Clinton issues 'call to arms' for economy Tighten belts now to ensure vitality, president urges

February 16, 1993|By Gilbert A. Lewthwaite | Gilbert A. Lewthwaite,Washington Bureau

WASHINGTON -- President Clinton, preparing the nation for some painful economic belt-tightening, drew up battle lines with "the defenders of decline" last night and issued "a call to arms to restore the vitality of the American dream."

In his first nationally televised address from the Oval Office, he cast himself as a Washington outsider and an agent of change, saying: "The price of doing the same old thing is far higher than the price of change."

Like a doctor preparing a patient for surgery, he explained the necessity for painful action, the unacceptable cost of delay and the long-term benefit of successful treatment.

Like former presidential candidate Ross Perot, he produced color charts and graphs to illustrate his points.

And like former President Ronald Reagan, he appealed directly to the public over the heads of the politicians who will ultimately pass judgment on his program.

Not once did Mr. Clinton mention the word "sacrifice," as he had earlier. In a subtle change of tone, he talked -- as he has the past week or so -- of making a "contribution" to the nation's future.

"We have to face the fact that to make the changes our country needs, more Americans must contribute today so that all Americans can do better tomorrow," he said.

Reserving most of the details of his economic program for his speech to a joint session of Congress tomorrow, Mr. Clinton concentrated last night on telling voters of the difficulties and opportunities he faced as he drafted his blueprint for the future.

In one of the few specifics, he promised that 70 percent of proposed new taxes would be paid by those earning more than $100,000 -- a figure far lower than the $200,000 income level he has previously used to define the wealthy.

"For the first time in more than a decade, we're all in this together," he told voters.

It was a populist start to a crucial week during which Mr. Clinton, the candidate of change, hopes to define himself as a New Democrat, establishing a nontraditional set of priorities for modernizing the nation and making it prosperous again.

Tempering his call for immediate austerity with a vision of future well-being, Mr. Clinton promised, "Our comprehensive plan for economic growth will create millions of long-term, good-paying jobs, including a program to jump-start our economy with another 500,000 jobs in 1993 and 1994.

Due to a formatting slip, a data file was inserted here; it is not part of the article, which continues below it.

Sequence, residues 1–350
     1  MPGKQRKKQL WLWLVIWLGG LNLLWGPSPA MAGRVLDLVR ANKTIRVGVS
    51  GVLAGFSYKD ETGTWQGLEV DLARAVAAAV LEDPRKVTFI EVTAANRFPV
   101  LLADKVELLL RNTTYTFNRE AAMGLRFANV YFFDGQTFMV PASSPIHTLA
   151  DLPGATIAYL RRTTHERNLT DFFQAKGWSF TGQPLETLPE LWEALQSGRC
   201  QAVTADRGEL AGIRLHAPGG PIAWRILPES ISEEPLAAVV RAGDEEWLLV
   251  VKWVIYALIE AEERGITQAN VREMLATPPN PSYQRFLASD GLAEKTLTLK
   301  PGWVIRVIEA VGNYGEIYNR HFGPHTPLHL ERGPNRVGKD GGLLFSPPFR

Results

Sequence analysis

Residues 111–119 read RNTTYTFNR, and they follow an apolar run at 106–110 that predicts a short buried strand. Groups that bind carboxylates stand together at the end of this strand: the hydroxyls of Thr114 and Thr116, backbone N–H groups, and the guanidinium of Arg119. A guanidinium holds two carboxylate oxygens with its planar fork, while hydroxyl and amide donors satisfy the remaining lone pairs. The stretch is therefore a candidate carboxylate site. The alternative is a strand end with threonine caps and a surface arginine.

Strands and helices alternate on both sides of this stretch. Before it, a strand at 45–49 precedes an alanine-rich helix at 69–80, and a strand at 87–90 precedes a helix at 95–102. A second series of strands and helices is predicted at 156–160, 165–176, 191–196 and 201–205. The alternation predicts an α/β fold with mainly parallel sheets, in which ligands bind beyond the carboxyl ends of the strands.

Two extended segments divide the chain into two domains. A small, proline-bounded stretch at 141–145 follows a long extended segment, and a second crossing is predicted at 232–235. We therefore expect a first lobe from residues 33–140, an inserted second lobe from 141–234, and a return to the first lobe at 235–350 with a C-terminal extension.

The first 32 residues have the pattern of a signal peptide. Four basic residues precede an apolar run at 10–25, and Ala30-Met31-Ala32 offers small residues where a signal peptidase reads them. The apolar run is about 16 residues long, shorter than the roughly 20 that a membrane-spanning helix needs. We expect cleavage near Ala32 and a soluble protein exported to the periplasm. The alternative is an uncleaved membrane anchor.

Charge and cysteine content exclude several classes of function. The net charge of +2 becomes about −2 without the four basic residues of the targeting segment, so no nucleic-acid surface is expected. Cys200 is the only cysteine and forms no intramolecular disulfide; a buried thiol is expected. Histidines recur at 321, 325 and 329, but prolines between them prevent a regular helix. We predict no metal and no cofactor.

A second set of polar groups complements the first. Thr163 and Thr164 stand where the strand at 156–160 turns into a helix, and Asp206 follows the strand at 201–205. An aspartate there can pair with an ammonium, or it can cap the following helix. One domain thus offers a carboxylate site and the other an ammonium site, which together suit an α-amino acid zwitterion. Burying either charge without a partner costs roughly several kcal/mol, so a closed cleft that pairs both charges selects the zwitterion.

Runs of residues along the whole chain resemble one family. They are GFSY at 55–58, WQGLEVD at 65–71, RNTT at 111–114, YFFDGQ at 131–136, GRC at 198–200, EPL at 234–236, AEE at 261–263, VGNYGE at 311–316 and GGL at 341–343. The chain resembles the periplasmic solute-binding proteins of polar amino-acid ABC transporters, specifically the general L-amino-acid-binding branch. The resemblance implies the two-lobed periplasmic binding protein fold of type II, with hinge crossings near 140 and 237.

"Change this fundamental will not be easy, nor will it be quick. But at stake is the control of our economic destiny."

Central to his message was his assertion that even as the economy appeared to be improving, the deficit was worsening, confronting him with ever harder choices and forcing him into reluctant retreat from his campaign pledge of a tax break for the middle class.

He told middle-class voters: "I had hoped to invest in your future by creating jobs, expanding education and reforming health care without asking more of you. And I have worked harder than I have ever worked in my life to meet that goal. But I cannot. . . ."

"But I can assure you of this: You're not alone, you're not going first, and you're no longer going to pay more and get less. . . . For the first time in more than a decade, we're all in this together."

Instead of tax cuts, the program will involve tax increases and spending reductions, which will affect all sectors of society but particularly the wealthy, in an effort to reduce the deficit by as much as $145 billion in fiscal 1997.

To spur job creation, which has lagged woefully during the recurrent recovery, it will also include $16 billion in public works spending and another $15 billion in investment incentives for private businesses.

This stimulus package will be put on a fast track through Congress and should be passed in weeks. The rest of the program will follow the normal budgetary process and will come under heavy attack.

Acknowledging that his program would face an uphill battle, Mr. Clinton appealed to voters for help in "changing our course."

"Those who have profited from the status quo will oppose the changes we seek, every step of the way," he said. "They've already lined the corridors of power with high-priced lobbyists. They are the defenders of decline, but we are the architects of the future."

Mr. Clinton has been diligent in courting members of Congress, bringing small groups of Democrats to the White House almost daily. He will seek to restrain Republican opposition to his plan -- already derided as old-style Democratic "tax and spend" policy by Senate Minority Leader Bob Dole of Kansas -- during a trip to Capitol Hill today.

Mr. Dole, in the Republican response to the address, said last night he would work with Mr. Clinton "to make certain that sacrifice isn't just a presidential code word for more taxes, more spending and more mandates from Washington."

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